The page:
So that it can operate during the bankruptcy, however, it obtained $1.45 billion in financing from Citigroup, Bank of America NA, and JP Morgan Chase Bank NA. Bankruptcy Judge Burton Lifland yesterday authorized Dana to use up to $800 million of that amount to pay wages, benefits, suppliers, and other expenses while he weighs an overall financing package, the company said. Dana will need $1.1 million to pay its directors and officers, $3.9 million to pay consultants, and $64 million to pay its 19,000 U.S. employees for the next 30 days, the company said. The filing covers Dana and 40 U.S. subsidiaries, but its leasing arm, Dana Commercial Credit, is not included.
Some analysts said Dana did not respond quickly enough to rising steel prices two years ago, and was hurt by plunging sales of gas-guzzling pickups and sport-utility vehicles, its bread-and-butter customers. Dana has admitted operational problems in its big-vehicle unit, within which accounting irregularities caused a $44 million lowering of profit for five years and an ongoing investigation by the U.S. Securities and Exchange Commission. Dana’s financial footing has been subject to scrutiny since it first announced last fall it would need to restate profits, followed by the announcement of its second major restructuring in four years.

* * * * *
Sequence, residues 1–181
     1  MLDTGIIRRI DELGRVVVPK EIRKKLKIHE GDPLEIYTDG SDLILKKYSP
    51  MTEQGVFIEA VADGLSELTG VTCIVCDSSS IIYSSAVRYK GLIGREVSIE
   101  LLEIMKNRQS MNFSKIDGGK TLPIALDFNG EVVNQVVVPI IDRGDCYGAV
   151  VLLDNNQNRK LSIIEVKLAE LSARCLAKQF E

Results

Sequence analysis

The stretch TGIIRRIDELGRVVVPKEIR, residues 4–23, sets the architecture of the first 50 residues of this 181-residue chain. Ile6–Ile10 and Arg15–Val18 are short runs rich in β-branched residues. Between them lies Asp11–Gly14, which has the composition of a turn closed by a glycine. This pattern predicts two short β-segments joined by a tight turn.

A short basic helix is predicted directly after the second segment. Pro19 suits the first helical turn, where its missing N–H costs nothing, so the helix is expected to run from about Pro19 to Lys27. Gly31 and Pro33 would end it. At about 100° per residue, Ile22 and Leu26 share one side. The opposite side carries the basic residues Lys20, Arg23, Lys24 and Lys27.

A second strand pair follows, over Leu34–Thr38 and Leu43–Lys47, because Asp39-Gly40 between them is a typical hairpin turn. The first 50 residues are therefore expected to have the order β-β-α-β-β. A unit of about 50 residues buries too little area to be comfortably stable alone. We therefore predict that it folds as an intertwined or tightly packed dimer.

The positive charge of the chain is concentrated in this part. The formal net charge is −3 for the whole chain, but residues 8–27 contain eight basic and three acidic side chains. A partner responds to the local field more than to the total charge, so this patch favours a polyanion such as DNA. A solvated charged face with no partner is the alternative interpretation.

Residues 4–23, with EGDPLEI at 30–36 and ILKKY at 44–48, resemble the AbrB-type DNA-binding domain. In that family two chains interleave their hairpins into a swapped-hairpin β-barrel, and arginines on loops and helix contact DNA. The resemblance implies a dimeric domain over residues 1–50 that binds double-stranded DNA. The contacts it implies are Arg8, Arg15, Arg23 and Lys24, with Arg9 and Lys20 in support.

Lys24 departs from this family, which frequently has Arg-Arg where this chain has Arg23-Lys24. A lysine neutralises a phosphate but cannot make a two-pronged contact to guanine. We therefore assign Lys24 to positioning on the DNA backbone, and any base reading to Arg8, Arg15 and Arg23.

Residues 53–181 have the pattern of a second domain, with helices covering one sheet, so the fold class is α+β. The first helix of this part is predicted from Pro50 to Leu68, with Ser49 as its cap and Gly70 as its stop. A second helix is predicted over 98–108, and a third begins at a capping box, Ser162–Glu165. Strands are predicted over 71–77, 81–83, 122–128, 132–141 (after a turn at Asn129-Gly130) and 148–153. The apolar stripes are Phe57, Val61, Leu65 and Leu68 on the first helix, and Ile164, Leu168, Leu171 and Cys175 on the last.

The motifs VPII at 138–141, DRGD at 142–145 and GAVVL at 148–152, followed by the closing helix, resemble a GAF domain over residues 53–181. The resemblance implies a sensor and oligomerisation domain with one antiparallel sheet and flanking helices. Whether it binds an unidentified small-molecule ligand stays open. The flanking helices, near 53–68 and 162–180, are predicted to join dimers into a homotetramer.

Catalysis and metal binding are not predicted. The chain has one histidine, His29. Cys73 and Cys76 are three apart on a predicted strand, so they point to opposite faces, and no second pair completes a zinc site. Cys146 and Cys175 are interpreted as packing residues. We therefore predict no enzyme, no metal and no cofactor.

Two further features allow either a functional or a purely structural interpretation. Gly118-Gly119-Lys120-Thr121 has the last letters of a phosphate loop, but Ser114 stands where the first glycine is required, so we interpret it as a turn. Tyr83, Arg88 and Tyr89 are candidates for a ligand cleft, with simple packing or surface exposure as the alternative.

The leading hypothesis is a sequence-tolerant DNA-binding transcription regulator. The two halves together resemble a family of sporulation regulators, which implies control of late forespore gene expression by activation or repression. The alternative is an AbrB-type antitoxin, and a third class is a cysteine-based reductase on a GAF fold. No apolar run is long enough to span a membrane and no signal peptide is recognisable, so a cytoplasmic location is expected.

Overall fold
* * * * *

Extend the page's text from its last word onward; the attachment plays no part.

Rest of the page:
Then, it reported it lost $1.3 billion in last year’s third quarter, it delayed an announcement on paying a dividend, and last week missed a $21 million interest payment on its bonds. Its stock price plunged, and it was removed from the widely watched Standard & Poor’s 500 index. Customers and suppliers with contracts cannot, under bankruptcy, refuse to do business with Dana, but more plant closings or sales are possible, said Marc Santucci, a supplier analyst for ELM International Inc. The company also will want to renegotiate union contracts as well as change pension and health-care programs for employees even if it does not close or sell more operations, he said.
It’s too early to tell what steps Dana will need to take to turn its business around, said company spokesman Hartlage. At least for now, employees will continue to accrue pension benefits as usual and receive pay and health-care coverage, he said. The pensions of retirees are protected by law, and there are no immediate plans to change their health-care benefits or life insurance, he added. Dana’s bankruptcy is the largest one of 2006, based on assets, and it is the third-largest among automotive suppliers. It joins fellow suppliers Federal-Mogul Corp., Delphi Corp., Tower Automotive Inc., Collins & Aikman Corp. and Meridian Automotive Systems Inc. in bankruptcy. Federal-Mogul has been able to continue operating. “They’ve been able to run the business at a decent gross margin,” said David Siino, an analyst with Gabelli & Co. Inc.